With the lives of the colonists at stake, it is left to a young man named Samuel to repair these breakdowns and save the colony. Aided by his friend Penny, Samuel rises to meet each challenge. But he soon discovers a mysterious group of people behind each of these problems, and he must somehow find and defeat these saboteurs in order to rescue his colony. 

This book was provided for review by the author. Thank you!

In 2153 cancer is cured, and every disease known to man follows shortly thereafter. This allows the human population to skyrocket even though the cost is unknowingly high. When scientists find an earth like planet, it is deemed as humanity’s savior and those who are sent to the distant planet are tasked with bringing about a new age.

Our Dried Voices poses an interesting look in to the idea of ‘What happens next?’. What happens when a virtual paradise is established on a faraway planet? What happens when every need is met and the struggle to survive is taken away? What happens when we no longer have to think for ourselves?

The answers are both frightening and enlightening. With nothing to worry about the people of Pearl live a carefree life. They are perpetually children, never having to worry about a thing. As everything is completely automated, their largest decision is which of the meal halls will they go to that day. It is both a utopia and a dystopia.

I found Our Dried Voices to be a very interesting read. There are parallels with our own society in that every day more and more of our lives are becoming automated. To have an individual thought, to not ‘go with the flow’, is seen as strange.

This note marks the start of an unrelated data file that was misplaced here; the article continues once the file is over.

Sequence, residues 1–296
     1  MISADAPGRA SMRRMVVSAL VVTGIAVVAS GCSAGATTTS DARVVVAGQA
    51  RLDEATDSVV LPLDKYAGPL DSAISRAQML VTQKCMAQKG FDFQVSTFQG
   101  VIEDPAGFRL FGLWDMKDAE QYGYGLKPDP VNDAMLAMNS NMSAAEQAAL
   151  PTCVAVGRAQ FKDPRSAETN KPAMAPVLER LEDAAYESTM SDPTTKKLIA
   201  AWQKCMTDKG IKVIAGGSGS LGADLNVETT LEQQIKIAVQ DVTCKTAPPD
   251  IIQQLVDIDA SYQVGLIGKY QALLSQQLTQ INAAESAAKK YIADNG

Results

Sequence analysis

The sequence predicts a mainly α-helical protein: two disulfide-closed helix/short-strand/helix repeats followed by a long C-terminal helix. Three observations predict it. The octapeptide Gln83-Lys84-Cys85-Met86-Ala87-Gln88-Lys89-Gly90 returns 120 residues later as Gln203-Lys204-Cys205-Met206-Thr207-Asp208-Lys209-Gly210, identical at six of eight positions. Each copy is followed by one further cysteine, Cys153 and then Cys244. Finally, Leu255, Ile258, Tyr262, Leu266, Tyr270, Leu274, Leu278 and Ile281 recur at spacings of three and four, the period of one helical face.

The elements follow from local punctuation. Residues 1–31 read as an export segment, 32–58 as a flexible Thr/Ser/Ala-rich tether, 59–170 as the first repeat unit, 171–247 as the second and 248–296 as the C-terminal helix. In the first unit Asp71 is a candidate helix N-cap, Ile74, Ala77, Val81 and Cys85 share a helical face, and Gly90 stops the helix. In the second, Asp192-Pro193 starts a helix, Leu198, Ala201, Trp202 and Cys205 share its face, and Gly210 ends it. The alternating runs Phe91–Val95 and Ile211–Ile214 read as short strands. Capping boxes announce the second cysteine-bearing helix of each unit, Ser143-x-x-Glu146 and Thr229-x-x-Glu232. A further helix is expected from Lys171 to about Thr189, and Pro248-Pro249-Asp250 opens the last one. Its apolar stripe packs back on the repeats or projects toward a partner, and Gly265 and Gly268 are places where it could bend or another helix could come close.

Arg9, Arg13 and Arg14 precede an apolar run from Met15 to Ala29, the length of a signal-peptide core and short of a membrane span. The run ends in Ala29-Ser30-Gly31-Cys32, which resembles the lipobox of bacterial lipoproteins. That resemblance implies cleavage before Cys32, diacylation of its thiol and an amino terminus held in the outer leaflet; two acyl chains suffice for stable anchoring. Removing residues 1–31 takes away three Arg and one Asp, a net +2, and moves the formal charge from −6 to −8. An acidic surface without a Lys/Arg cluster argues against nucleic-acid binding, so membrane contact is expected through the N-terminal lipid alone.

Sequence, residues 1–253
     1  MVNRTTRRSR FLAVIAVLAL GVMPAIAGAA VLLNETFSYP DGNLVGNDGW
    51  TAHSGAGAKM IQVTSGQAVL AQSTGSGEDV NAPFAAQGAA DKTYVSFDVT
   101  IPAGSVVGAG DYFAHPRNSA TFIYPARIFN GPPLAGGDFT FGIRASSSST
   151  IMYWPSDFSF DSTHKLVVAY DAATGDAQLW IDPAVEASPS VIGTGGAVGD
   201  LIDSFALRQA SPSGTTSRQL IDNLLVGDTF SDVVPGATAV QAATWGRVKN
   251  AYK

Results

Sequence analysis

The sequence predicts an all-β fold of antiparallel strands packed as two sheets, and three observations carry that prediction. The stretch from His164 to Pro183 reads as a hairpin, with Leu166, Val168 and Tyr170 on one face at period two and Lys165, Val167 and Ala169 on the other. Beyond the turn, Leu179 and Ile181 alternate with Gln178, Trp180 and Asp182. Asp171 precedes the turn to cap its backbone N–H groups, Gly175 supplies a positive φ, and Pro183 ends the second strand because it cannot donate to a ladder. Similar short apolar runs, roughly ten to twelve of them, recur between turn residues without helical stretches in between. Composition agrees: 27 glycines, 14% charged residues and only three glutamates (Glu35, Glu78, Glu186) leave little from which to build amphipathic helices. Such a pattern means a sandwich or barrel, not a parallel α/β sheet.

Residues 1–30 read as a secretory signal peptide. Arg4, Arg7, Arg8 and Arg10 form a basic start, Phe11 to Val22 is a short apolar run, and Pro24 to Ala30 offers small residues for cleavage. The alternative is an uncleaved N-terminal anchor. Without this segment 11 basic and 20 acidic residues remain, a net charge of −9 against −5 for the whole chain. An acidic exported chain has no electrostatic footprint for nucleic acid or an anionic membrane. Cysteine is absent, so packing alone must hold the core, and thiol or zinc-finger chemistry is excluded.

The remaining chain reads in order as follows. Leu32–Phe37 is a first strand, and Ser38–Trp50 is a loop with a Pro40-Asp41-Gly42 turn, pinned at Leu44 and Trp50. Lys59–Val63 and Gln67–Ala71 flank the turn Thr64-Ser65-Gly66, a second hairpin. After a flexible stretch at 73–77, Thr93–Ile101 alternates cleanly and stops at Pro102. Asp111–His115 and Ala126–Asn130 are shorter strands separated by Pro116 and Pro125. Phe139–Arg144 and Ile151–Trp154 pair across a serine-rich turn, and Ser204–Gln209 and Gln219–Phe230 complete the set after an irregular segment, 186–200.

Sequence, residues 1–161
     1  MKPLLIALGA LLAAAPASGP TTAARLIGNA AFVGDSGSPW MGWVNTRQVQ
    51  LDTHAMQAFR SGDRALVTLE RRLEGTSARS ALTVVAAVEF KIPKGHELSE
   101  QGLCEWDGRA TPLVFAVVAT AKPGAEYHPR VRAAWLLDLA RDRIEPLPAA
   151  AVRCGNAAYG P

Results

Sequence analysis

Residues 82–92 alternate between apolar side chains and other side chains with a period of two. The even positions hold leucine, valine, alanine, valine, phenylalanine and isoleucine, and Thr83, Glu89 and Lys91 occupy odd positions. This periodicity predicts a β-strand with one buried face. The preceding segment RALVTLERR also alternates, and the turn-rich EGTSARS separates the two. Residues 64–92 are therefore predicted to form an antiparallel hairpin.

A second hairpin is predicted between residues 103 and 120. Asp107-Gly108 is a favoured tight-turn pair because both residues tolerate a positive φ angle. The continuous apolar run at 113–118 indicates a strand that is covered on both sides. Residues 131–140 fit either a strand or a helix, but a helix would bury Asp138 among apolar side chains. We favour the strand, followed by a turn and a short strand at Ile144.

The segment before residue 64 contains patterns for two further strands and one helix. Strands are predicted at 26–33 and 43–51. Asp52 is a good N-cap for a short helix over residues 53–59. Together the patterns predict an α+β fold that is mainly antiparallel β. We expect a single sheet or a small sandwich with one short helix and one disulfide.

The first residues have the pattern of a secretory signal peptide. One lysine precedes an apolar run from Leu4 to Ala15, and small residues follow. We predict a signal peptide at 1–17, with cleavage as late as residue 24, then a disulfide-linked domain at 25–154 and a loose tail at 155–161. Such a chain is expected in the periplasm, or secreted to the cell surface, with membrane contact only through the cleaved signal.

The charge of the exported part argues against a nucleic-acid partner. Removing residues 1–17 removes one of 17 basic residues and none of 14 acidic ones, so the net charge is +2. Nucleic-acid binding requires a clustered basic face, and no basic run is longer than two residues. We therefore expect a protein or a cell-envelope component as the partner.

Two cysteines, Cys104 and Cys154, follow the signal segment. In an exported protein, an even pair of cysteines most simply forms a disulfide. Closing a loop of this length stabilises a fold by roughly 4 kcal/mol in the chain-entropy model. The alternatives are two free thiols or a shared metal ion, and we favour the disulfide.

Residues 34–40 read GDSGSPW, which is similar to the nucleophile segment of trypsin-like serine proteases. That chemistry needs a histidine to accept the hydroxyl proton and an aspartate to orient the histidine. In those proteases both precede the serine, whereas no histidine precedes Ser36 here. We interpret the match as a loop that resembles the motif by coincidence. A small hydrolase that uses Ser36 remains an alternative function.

There is very little dialogue save towards the end; something that adds to the otherness of the book. Most of the story happens in action, in thoughts and deeds. At times I found things teetering close to purple prose in terms of description. Yet again that also adds to the strange planet and unique lands the colonists reside in.

For readers who wonder “What if…?” or would be interested in seeing what could happen when the idea of a utopia is taken to the extreme, Our Dried Voices should be added to their reading list. If nothing else, it gives a frightening look in to a future that could possibly occur.

Provided for Review: Five Adventures of Sherlock Holmes by Maurice Barkley (Edited by David Taylor)

Five new short stories for fans of Sherlock Holmes!

1 – Children are disappearing mysteriously from the streets of London. The only clue is a strange old woman who is seen shortly before the children disappear. Who is she and what does she have to do with the missing kids?

2 – Two sisters and their half brother beseech Holmes to help them with a riddle their father left behind. Will Holmes agree when he realizes what the adult children are truly after?

3 – A train disappears in to seemingly thin air between one village and the next. Just as strangely as it disappeared, it reappeared three years later. How could something so strange happen?

4 – Mycroft Holmes seeks the aid of his younger brother in a unique case. Top level politicians are being blackmailed by someone who has photographs of high level secret contracts. In a room with no windows and only one door, just how did this person get these photos?